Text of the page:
Tuesday, August 24, 2010

How big is Summon right now?

I just noticed that the number of items Summon says we have within and outside of our collection.

Within our collection there are are:
65,022,106 items
  • 51,749,144 journal articles
  • 11,824,532 newspaper articles
  • 629,475 trade publication articles
  • 408,957 books
  • 159,911 audio recordings
  • 143,292 book reviews

With a language breakdown of
  • English (63,431,926)
  • French (166,902)
  • German (126,925)
  • Spanish (60,797)
  • Japanese (45,541)
  • Chinese (39,077)

When you extend the search outside of our collection you get
495,415,785 items

  • 112,587,009 journal articles
  • 361,490,384 newspaper articles
  • 3,884,816 patents
  • 3,551,703, theses
  • 851, 262 books

With a language breakdown of:
  • English (473,599,062)
  • Japanese (5,571,128)
  • Spanish (5,247,447)
  • German (3,243,938)
  • French (2,791,481)
  • Portuguese (1,685,196)
That's a propos of nothing really except that it just struck me how big it is.

Friday, August 20, 2010

Google Scholar Widget with EZproxy

I've updated the Google Scholar widget we use in LibGuides and other places so that it automatically uses EZproxy. This means that the 'Find It @ JCU' link will appear regardless of whether the user has set their Scholar preferences to show JCU's openurl link resolver.

I tried this in the past but found that form inputs wouldn't pass through from the form through EZproxy to Scholar. But Helen Hooper raised the issue again so I took another look and found OCLC has instructions for allowing a form to use the ezproxy prefix in a form action.

Even better is that because the master code is stored in a LibGuides content box, and our LibGuides link to it AND because the gadget code I distribute is called from LibGuides I've managed to update all instances of the code with one edit. Chuffed.

Thursday, August 19, 2010

Web Usability with (almost) no resources

Just starting a review of JCU Library's web presence. I'm adopting the Steve Krug methodology of user involvement early, often, regular, in small numbers.

I've been researching intently on different approaches and Krug's pragmatism is very appealling. I'm not a web usability consultant with a team and $100,000 contract (I've worked in that situation in the past - but as the client). I'm just a wee library tech head with wide ranging responsibilities and no dedicated staff. I can draw on my colleagues to help but they too have wide ranging responsibilities and little time to dedicate to other projects.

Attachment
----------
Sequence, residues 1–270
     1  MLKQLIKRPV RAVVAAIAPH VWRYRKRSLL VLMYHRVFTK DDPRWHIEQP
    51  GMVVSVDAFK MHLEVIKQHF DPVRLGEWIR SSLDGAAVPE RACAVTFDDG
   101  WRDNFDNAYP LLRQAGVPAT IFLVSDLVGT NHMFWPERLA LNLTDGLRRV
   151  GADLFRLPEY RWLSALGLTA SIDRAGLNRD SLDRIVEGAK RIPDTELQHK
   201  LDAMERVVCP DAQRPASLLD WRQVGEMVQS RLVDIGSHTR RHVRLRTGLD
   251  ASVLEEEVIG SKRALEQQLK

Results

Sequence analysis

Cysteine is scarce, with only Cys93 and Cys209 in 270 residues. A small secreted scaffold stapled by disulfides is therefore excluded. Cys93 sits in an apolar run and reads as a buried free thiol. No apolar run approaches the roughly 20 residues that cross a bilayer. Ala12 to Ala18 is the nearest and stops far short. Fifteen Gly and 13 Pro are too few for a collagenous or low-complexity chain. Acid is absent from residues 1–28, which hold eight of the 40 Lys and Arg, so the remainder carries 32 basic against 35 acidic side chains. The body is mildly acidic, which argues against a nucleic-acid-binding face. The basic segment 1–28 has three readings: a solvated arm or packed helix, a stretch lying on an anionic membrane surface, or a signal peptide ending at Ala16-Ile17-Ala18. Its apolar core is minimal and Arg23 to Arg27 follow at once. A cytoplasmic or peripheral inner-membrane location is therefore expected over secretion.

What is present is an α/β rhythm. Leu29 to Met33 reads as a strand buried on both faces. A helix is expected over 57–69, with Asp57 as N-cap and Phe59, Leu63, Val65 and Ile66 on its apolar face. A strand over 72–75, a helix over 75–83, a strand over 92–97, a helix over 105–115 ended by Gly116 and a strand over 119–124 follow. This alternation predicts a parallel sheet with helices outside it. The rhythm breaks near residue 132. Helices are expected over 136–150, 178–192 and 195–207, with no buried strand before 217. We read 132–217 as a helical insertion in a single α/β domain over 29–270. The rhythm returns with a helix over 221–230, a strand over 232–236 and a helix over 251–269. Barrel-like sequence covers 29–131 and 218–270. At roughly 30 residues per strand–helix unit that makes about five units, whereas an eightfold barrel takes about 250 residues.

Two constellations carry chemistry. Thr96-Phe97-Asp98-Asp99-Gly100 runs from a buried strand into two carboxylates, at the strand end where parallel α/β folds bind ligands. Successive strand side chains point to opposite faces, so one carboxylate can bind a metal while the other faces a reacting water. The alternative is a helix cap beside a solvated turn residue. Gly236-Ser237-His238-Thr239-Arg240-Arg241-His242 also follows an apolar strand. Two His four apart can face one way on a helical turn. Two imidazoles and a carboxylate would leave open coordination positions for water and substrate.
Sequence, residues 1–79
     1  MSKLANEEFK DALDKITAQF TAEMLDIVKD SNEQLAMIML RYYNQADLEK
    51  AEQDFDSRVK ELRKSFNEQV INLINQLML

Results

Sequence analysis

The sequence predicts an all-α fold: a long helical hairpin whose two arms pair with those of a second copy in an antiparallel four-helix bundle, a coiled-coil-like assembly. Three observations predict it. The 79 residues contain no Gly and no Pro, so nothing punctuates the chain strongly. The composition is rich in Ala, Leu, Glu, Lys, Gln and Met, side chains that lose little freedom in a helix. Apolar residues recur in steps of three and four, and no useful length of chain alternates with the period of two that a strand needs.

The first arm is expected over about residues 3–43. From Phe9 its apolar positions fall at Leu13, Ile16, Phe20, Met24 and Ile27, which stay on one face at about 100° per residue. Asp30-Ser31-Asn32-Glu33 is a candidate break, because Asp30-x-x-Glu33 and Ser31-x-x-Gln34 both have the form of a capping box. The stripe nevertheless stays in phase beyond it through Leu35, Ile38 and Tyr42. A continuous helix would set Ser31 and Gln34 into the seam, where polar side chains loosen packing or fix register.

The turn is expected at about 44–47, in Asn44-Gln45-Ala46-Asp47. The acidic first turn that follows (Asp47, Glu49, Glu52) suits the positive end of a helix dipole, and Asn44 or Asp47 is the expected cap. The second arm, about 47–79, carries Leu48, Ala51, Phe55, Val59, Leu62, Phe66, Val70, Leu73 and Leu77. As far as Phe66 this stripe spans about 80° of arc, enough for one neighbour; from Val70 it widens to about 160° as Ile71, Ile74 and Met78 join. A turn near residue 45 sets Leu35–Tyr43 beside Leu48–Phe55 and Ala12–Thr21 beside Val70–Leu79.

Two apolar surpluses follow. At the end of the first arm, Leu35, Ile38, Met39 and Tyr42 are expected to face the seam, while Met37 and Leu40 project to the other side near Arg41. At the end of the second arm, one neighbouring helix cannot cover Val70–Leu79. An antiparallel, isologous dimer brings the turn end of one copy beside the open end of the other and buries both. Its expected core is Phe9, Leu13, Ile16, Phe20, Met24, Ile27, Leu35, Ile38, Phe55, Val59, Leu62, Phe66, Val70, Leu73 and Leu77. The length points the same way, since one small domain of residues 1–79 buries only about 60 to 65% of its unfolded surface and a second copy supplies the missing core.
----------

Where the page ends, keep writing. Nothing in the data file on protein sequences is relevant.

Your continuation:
Simple points Krug makes:
  • Usability testing can be done in house (it's not rocket surgerytm)
  • Any testing is better than no testing
  • 3 users will tell you 80% of what 20 users will tell you
  • Don't sweat on demographics/user selection:
    • Big problems will be big problems for everyone
    • There is no such thing as a typical user
    • Two male first year law students from a non-English speaking background could be as different to each other as they are from any other demographic slice
  • One user test early is worth one hundred late
  • Never stop testing
He convincingly argues why user testing has primacy over:
  • Analytics: can tell you a great deal about what people are doing on your site, but not why they are doing it e.g. are they spending a lot of time on one page because it's exactly what they are looking for or because it's completely confusing and takes a long time to digest?
  • Focus Groups: great for sampling users opinions and feelings in the abstract, but not great for determining whether your site actually works
  • User Surveys: asking people to remember what they did, when, and how often will result in a cleaned up, fuzzy version of what actually happened. Nothing beats observing in real time.
This is a new approach for us which will be evaluated after the implementation of the resulting redesign. If successful it offers a new way to approach our web presence that incorporates:
  • A continuous improvement model
  • A user centred approach
  • An evidence-based approach
We stand to learn a lot more about our users than we already know. This is a chance to remove our preconceptions from the equation, to get user input when we have conflicting opinions. I've often wondered when marking arbitrary decisions about web content arrangement whether I'm seeing the big picture or if I'm just sitting too close to the screen.

Step One is defining the site's main purposes. Stay tuned for what we come up with and more about Step Two...